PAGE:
Genome-wide association reveals contribution of MRAS to painful temporomandibular disorder in males.
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Painful temporomandibular disorders (TMD) is the leading cause of chronic orofacial pain, but its underlying molecular mechanisms remain obscure. While many environmental factors have been associated with higher risk of developing painful TMD, family and twin studies support a heritable genetic component as well. We performed a GWAS assuming an additive genetic model of TMD in a discovery cohort of 999 cases and 2031 TMD-free controls from the Orofacial Pain: Prospective Evaluation and Risk Assessment (OPPERA) study. Using logistic models adjusted for sex, age, enrollment site, and race, we identified three distinct loci that were significant in combined or sex-segregated analyses. A single nucleotide polymorphism (SNP) on chromosome 3 (rs13078961) was significantly associated with TMD in males only (odds ratio [OR]=2.9, 95% CI: 2.02-4.27, P=2.2x10). This association was nominally replicated in a meta-analysis of seven independent orofacial pain cohorts including 160,194 participants (OR=1.16, 95% CI: 1.0-1.35, P = 2.3x10). Functional analysis in human dorsal root ganglia (DRG) and blood indicated this variant is an expression quantitative trait locus (eQTL), with the minor allele associated with decreased expression of the nearby muscle RAS oncogene homolog (MRAS) gene (beta = -0.51, P = 2.43x10). Male mice, but not female mice, with a null mutation of Mras displayed persistent mechanical allodynia in a model of inflammatory pain. Genetic and behavioral evidence support a novel mechanism by which genetically-determined MRAS expression moderates the resiliency to chronic pain. This effect is male-specific and may contribute to the lower rates of painful TMD in men.Written work prepared by employees of the Federal Government as part of their official duties is, under the U.S. Copyright Act, a "work of the United States Government" for which copyright protection under Title 17 of the United States Code is not available. As such, copyright does not extend to the contributions of employees of the Federal Government.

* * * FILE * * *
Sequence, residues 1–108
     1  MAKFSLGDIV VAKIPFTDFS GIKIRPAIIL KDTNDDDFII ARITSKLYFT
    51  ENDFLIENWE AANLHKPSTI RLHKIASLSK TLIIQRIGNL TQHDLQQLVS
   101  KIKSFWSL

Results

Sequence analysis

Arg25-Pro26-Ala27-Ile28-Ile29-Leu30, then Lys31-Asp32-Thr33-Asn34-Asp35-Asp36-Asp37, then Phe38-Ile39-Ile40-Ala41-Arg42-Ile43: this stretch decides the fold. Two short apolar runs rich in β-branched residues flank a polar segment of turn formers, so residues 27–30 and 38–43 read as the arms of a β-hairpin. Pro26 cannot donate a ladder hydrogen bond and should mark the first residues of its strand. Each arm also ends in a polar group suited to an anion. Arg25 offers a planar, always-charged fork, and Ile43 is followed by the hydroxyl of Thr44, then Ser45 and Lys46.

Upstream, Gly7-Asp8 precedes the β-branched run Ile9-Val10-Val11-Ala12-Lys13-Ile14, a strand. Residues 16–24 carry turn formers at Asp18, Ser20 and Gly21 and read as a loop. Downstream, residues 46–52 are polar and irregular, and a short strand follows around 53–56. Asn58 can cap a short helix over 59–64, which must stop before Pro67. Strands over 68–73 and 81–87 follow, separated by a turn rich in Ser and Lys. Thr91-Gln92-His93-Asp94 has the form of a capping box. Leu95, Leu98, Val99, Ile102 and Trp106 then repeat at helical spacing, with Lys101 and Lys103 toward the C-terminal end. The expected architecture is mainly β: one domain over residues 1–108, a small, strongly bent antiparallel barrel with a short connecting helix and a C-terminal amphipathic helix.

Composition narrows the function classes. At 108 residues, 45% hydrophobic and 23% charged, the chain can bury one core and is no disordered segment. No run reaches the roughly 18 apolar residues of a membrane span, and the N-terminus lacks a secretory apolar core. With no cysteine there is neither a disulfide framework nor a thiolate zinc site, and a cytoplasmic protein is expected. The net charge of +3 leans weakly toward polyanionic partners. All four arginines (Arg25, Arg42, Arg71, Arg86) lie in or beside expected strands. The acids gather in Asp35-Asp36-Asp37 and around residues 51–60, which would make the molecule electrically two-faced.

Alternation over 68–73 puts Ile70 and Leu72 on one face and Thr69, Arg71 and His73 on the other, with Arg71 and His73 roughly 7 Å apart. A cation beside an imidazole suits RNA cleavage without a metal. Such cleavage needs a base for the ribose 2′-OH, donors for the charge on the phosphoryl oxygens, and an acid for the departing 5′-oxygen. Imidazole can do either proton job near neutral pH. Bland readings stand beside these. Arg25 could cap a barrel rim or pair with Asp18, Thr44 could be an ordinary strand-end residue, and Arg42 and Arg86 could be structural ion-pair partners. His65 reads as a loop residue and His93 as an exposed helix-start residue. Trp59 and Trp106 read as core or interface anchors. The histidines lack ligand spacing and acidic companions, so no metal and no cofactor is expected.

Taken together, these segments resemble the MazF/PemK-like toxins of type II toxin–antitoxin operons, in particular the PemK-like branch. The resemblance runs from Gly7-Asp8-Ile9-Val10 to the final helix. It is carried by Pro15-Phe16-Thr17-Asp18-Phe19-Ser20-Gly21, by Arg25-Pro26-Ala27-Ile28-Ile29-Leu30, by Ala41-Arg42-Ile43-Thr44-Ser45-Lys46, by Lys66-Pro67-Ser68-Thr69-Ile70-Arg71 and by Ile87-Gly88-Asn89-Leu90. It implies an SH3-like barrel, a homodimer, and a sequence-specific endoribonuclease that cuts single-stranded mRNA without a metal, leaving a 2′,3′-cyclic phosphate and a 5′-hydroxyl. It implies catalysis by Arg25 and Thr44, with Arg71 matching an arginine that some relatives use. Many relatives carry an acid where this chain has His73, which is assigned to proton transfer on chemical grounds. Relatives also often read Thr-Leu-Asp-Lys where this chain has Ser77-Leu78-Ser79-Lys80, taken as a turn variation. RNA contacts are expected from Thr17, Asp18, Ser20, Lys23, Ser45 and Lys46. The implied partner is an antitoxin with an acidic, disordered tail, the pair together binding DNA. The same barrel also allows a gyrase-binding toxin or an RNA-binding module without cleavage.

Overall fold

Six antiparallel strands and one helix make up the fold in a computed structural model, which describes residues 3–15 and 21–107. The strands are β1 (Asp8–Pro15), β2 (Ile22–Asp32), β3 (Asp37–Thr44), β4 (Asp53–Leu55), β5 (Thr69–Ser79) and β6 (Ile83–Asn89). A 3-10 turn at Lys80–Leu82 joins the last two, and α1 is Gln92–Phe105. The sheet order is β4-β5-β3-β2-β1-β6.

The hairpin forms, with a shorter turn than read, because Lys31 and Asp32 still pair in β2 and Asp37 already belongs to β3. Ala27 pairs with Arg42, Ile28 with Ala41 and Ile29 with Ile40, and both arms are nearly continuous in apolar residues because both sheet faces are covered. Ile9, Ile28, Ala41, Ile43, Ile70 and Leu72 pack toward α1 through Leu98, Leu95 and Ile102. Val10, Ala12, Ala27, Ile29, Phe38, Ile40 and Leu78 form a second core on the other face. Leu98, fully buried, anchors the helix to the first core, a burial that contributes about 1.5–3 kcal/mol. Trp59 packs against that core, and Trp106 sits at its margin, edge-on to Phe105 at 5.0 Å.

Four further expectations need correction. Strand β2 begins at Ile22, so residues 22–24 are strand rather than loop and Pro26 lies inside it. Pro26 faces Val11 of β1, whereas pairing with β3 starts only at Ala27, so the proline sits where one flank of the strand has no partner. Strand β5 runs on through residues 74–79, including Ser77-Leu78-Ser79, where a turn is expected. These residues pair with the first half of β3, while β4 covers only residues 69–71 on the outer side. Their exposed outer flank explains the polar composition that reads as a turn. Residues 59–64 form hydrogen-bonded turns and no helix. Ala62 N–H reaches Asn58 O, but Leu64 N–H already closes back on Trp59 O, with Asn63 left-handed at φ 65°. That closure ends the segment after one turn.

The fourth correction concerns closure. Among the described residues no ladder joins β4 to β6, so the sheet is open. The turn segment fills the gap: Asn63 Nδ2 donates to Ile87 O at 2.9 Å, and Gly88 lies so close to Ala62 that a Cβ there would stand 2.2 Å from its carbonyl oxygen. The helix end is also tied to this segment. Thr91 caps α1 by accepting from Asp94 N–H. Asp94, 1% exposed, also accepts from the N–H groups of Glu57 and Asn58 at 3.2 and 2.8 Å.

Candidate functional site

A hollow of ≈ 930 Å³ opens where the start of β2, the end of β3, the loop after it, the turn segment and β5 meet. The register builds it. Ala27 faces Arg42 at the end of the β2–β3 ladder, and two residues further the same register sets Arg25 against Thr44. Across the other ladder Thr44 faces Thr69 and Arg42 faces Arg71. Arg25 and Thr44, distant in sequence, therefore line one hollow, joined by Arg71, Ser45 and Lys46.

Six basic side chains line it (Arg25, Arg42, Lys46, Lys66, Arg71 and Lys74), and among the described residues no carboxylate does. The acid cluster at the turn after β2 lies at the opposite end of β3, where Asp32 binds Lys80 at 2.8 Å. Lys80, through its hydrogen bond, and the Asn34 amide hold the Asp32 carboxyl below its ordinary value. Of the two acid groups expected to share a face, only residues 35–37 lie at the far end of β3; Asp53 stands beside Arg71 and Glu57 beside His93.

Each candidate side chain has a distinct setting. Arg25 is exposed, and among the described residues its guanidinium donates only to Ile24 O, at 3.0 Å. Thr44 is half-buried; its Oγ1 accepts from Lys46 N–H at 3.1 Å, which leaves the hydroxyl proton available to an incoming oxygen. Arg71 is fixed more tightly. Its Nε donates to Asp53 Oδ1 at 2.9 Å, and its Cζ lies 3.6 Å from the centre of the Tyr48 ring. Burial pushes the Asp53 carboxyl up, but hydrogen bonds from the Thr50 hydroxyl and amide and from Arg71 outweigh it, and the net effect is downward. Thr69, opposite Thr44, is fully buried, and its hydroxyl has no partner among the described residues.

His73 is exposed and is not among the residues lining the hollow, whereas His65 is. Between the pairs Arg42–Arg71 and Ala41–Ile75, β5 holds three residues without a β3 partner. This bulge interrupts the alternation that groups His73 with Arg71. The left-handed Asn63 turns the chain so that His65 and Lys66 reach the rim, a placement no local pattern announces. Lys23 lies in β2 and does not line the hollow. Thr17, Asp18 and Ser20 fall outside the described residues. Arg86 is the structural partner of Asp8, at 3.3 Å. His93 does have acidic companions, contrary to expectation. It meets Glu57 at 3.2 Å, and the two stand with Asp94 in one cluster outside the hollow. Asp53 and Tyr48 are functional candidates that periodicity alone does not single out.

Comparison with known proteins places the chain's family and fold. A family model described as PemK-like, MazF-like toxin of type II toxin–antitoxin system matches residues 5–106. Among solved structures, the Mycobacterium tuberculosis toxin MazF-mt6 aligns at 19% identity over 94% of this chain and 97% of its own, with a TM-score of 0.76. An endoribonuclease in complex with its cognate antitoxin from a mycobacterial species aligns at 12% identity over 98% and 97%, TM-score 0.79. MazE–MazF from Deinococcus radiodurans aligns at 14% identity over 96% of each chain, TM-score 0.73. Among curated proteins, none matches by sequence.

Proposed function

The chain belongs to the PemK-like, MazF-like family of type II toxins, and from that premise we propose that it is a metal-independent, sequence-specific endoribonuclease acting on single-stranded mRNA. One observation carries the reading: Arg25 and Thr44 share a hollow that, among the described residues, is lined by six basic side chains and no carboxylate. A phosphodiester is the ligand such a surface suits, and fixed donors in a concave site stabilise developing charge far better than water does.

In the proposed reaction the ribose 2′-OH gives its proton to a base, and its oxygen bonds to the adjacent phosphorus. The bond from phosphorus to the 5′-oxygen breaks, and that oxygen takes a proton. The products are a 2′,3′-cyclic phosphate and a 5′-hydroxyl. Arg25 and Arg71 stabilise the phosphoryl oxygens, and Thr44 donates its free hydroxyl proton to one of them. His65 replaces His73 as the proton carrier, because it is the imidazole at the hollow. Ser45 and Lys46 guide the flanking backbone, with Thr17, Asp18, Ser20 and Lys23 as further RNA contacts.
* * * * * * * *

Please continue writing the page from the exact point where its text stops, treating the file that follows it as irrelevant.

Published Version (Please cite this version)10.1097/j.pain.0000000000001438
Publication InfoSmith, Shad; Parisien, Marc; Bair, Eric; Belfer, Inna; Chabot-Doré, Anne-Julie; Gris, Pavel; ... Diatchenko, Luda (2018). Genome-wide association reveals contribution of MRAS to painful temporomandibular disorder in males. Pain. 10.1097/j.pain.0000000000001438. Retrieved from https://hdl.handle.net/10161/17698.
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Assistant Professor in Anesthesiology
Dr. Shad Smith is an assistant professor in the Department of Anesthesiology and holds a faculty position in the Center for Translational Pain Medicine (CTPM). Dr. Smith also has an adjunct appointment at the University of North Carolina at Chapel Hill, as part of the Center for Pain Research and Innovation (CPRI). He earned his bachelor’s degree in psychology with minors in chemistry and zoology from Brigham Young University,